Post-war drag queens in Summer Nights
by Vittoria Scarpa
- VENICE 2014: French director Mario Fanfani's debut feature portrays the phenomenon of male transvestites on the eve of the sixties
“I am Mylène, a beautiful and intelligent woman, a devoted wife who never talks about politics.” These words open Mario Fanfani's Summer Nights [+see also:
interview: Mario Fanfani
film profile]. But it is not a female voice that utters these words off-screen. Sitting on a sofa in a very composed way, sporting a pink twin-set, a string of pearls and a well-groomed wig, is Michel. Some minutes later, we will see him change back into men's clothes before he goes home to his wife and son, as if he just came out of therapy. This phenomenon of male transvestism in the 1950s is at the core of this French debut feature that is in competition in the eleventh edition of the Venice Days, and also in the running for the Lion of the Future and Queer Lion awards.
This story is not about homosexuality. Michel (Guillaume De Tonquédec) is a respectable provincial solicitor, an attentive father, a husband who loves and desires his wife. He has already seen the horrors of the Second World War, he has his traumas, and now, in the midst of yet another conflict – the one between France and Algeria; it is the year 1959 – he is looking for an escape for his mind. That is what he manages to find whenever he meets up with his friend Jean-Marie (Nicolas Bouchaud, also seen at last year's Venice Days in The Good Life [+see also:
interview: Jean Denizot
film profile]), who goes by the name of Flavia. No sex, that much is clear – just friendly chats, make-up sessions and hunting trips (because women like to go hunting). What women do not do, however, is talk about politics, and that is exactly what Michel needs.
The film does not stop at Michel and Jean-Marie: it enters into a cabaret world where men in women's clothes entertain young soldiers about to leave for Algeria, where models of masculinity that are so different from one another come together, and where songs of pacifism are sung, revealing a phenomenon that was more widespread than you would expect in the puritan society of the late fifties and early sixties. “The film is based on a book of photographs, published in the United States a decade ago, in which post-war American men portrayed each other in women's clothes,” explains Fanfani. “What struck me was how these men broke the mould in an era in which these kinds of transgressions were very difficult, coupled with the fact that the type of femininity they were influenced by was still a very traditional type of woman – the only type available back then.”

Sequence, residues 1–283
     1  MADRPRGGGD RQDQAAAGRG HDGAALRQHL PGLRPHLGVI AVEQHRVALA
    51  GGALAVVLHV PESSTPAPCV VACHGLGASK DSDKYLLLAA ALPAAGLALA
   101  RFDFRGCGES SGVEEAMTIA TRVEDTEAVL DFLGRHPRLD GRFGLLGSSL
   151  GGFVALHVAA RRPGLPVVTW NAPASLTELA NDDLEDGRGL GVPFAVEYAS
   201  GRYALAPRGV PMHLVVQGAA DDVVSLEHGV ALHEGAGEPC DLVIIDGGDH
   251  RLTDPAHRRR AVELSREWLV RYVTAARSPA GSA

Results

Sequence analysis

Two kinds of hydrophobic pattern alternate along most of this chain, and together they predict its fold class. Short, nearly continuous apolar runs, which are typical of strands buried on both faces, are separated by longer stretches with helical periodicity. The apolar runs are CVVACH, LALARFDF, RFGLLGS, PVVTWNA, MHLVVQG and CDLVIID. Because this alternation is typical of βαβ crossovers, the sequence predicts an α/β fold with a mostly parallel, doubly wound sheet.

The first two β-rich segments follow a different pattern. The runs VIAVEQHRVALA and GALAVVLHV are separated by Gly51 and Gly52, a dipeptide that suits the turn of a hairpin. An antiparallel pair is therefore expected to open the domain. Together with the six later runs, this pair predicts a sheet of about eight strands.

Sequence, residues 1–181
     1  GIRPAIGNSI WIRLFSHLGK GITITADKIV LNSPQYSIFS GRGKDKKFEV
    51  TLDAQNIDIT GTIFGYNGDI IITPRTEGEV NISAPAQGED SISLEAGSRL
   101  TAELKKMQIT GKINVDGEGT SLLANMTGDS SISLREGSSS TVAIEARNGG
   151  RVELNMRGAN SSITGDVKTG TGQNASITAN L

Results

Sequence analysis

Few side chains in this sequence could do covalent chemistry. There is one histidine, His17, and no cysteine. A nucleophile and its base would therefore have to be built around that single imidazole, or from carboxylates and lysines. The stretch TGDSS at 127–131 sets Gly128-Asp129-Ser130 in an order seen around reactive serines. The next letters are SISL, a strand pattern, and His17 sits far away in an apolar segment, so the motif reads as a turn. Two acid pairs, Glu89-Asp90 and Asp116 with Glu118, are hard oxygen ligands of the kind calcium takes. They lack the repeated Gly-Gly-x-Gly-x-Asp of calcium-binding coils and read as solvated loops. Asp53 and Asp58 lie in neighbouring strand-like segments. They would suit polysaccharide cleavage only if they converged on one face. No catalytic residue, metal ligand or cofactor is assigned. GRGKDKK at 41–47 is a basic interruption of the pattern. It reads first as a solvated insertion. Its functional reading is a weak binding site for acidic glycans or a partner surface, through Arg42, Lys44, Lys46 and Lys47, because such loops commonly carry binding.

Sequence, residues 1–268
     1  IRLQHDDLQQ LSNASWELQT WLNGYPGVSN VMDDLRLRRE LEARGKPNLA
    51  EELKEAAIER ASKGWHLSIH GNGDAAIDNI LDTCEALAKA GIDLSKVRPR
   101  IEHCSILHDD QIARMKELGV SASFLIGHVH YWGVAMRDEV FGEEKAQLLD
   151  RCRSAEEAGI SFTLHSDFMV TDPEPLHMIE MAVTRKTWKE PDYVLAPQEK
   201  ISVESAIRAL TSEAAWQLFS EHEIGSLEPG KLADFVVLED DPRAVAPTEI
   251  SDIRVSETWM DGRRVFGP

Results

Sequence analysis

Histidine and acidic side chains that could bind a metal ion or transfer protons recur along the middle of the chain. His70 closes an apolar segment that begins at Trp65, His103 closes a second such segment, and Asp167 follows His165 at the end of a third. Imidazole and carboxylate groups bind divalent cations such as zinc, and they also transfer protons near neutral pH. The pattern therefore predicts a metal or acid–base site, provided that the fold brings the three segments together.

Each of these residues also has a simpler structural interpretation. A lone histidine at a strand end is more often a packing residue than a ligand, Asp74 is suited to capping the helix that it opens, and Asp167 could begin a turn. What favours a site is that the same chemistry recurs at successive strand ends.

The director then thought of transferring the phenomenon to France, against the backdrop of the French-Algerian conflict, “because you cannot have a film take place in 1959 France without talking about the war in Algeria,” he points out. As a result, the war seems to affect all the characters in the film a little bit, even Michel's wife, Helène (Jeanne Balibar): during an evening dedicated to the soldiers, she expresses her dissent – in front of a shocked audience – about the number of young lives being sacrificed on the front lines while the bourgeois microcosm around her cleanses its conscience by sending the drafted youngsters biscuits and bars of soap. Husband and wife soon discover they are both equally nonconformist. The film, however, has a lot less of that: the direction is rather classical and the portrayal of the post-war drag queens is not lacking in clichés. What remains is the value of revealing a reality that is unknown to many and of reminding us that fantasy is often a much-needed safe haven – to each his own.
(Translated from Italian)
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